- The Washington Times - Sunday, June 9, 2002

Revolutionary War hero Light-Horse Harry Lee, father of Robert E. Lee, sold a plot of land in Alexandria to his cousin, Philip Richard Fendall, in the late 18th century. Fendall, an affluent lawyer from Charles County, constructed a timber-frame house on that corner lot, designing it in a style similar to plantation houses.

That was in 1785, long before the seaport became known as "Old Town" Alexandria, home to tony restaurants, hair salons and antique shops, and a magnet for tourists and a giant Target shopping center just around the corner.

"This house was really in the middle of nowhere when it was built," says Kristin L. Miller, executive director of this small bit of history, called the Lee-Fendall House Museum. "It shows you how Alexandria has grown."

Thirty-seven members of the Lee family lived in the house, staying until 1903. After the last Lee left, a local haberdasher and liquor purveyor moved in, staying for 31 years. The house then passed to labor leader John L. Lewis, who lived there until his death in 1969.

Now maintained by the Virginia Trust for Historic Preservation and a core of dedicated volunteers, the Lee-Fendall House has been lovingly restored to its Victorian elegance, interpreted as a Lee family home of the 1850-1870 period.

Visitors to the home will see how families lived during that time before, during and after the Civil War within the context of the history of Alexandria, the region and the nation. It's a valuable experience for children, especially those interested in history, Ms. Miller says.

"A visit offers an opportunity to develop an appreciation for what children from earlier times wore, what they ate, how they played, the special skills they had, and why they behaved as they did," she says.

A peek into the formal parlor of the Lee-Fendall House, for example, conjures life before the telephone and Internet. The formal parlor, Ms. Miller says, was the setting for weddings, christenings and funerals. On predesignated days of the week, the lady of the house would receive visitors in her parlor.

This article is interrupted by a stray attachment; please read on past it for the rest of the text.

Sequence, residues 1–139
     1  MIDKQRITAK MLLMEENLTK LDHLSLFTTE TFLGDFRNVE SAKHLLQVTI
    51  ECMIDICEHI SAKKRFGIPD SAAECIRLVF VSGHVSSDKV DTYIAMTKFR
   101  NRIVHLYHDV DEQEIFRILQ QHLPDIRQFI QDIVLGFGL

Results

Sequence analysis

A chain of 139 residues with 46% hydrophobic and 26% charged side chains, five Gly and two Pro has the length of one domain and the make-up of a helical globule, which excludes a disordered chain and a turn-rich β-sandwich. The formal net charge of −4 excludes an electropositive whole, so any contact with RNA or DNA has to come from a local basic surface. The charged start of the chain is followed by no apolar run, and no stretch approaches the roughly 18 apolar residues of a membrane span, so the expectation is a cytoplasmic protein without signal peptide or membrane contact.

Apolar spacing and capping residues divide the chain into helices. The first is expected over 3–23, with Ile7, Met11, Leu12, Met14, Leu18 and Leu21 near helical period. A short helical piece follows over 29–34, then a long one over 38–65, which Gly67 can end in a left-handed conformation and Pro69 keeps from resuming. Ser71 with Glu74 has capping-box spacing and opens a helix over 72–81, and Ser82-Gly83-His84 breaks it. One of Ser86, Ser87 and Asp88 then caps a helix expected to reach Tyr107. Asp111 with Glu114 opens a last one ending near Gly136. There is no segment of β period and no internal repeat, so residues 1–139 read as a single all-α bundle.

"These guests would come and spend 20 to 30 minutes catching up on the news of the day," Ms. Miller says. "On alternate days, the lady of the house would call upon others."

George Washington was a frequent guest of the Fendalls, visiting some 45 times.

"Fendall was involved in lots of business ventures with Washington," Ms. Miller says. "Not only were they friends, but business associates as well."

The upstairs region of the house, with its master bedroom and children's room, interprets family living space.

Interestingly, "bedrooms back then were semipublic spaces," Ms. Miller says. "It wasn't uncommon to receive guests in your bedroom and it was not even uncommon for travelers to share a room with you."

Next door, the children's room is designed as a young girls' bedroom.

"We know many grew up here," Ms. Miller says. "All of the girls in the house would share a room, regardless of the number of rooms in the house."

A glass case holds, arguably, some of the museum home's most curious objects: a collection of mourning jewelry, including brooches and earrings. Commonly worn by both women and men, mourning jewelry was pieces of wearable art containing the hair of the deceased.

"It really was a way to remember their loved ones," Ms. Miller says.

The last stop on the tour is a stroll through the lovely restored garden, one of the largest private sanctuaries of its kind in Alexandria. The gate is left open during the day, actually, so people can wander in off the street to enjoy it, Ms. Miller says.

Some of the museum's special programs invite children right into the garden and the house itself to learn about distinct periods in American history. "A Day in 1863," for example, invites children to dress in period clothing, learn about the Civil War and play period games.

There are Mother's Day and Father's Day tours, Easter egg hunts and a Victorian Valentine event all designed to foster interest in the history and culture of Alexandria and help children experience family life of an earlier day.

"Children are encouraged to compare and contrast these experiences with those of their lives today," Ms. Miller says. "By understanding what their own role might have been, it is our hope that our young visitors will develop a personal interest in history and develop the skills to investigate the lessons offered by the past."

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